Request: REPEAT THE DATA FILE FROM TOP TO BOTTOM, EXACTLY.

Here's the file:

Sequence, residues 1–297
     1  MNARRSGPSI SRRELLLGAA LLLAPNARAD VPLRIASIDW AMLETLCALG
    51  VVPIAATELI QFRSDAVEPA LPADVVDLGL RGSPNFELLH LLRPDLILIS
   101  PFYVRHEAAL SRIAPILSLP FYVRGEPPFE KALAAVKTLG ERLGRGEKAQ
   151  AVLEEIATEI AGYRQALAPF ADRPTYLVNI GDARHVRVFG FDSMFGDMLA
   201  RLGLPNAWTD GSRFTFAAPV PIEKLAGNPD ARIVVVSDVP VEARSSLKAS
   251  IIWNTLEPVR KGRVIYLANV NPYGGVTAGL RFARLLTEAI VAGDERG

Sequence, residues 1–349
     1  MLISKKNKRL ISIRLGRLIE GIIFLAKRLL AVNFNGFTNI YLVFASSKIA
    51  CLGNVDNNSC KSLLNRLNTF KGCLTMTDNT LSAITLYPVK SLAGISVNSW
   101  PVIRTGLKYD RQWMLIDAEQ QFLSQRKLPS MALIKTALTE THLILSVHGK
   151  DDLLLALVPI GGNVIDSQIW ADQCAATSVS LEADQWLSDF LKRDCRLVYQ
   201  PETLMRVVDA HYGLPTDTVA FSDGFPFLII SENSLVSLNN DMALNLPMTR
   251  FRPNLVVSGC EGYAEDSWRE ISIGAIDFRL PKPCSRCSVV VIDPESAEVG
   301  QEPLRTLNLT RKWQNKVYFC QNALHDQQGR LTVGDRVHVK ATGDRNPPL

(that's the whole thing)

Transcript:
Sequence, residues 1–297
     1  MNARRSGPSI SRRELLLGAA LLLAPNARAD VPLRIASIDW AMLETLCALG
    51  VVPIAATELI QFRSDAVEPA LPADVVDLGL RGSPNFELLH LLRPDLILIS
   101  PFYVRHEAAL SRIAPILSLP FYVRGEPPFE KALAAVKTLG ERLGRGEKAQ
   151  AVLEEIATEI AGYRQALAPF ADRPTYLVNI GDARHVRVFG FDSMFGDMLA
   201  RLGLPNAWTD GSRFTFAAPV PIEKLAGNPD ARIVVVSDVP VEARSSLKAS
   251  IIWNTLEPVR KGRVIYLANV NPYGGVTAGL RFARLLTEAI VAGDERG

Sequence, residues 1–349
     1  MLISKKNKRL ISIRLGRLIE GIIFLAKRLL AVNFNGFTNI YLVFASSKIA
    51  CLGNVDNNSC KSLLNRLNTF KGCLTMTDNT LSAITLYPVK SLAGISVNSW
   101  PVIRTGLKYD RQWMLIDAEQ QFLSQRKLPS MALIKTALTE THLILSVHGK
   151  DDLLLALVPI GGNVIDSQIW ADQCAATSVS LEADQWLSDF LKRDCRLVYQ
   201  PETLMRVVDA HYGLPTDTVA FSDGFPFLII SENSLVSLNN DMALNLPMTR
   251  FRPNLVVSGC EGYAEDSWRE ISIGAIDFRL PKPCSRCSVV VIDPESAEVG
   301  QEPLRTLNLT RKWQNKVYFC QNALHDQQGR LTVGDRVHVK ATGDRNPPL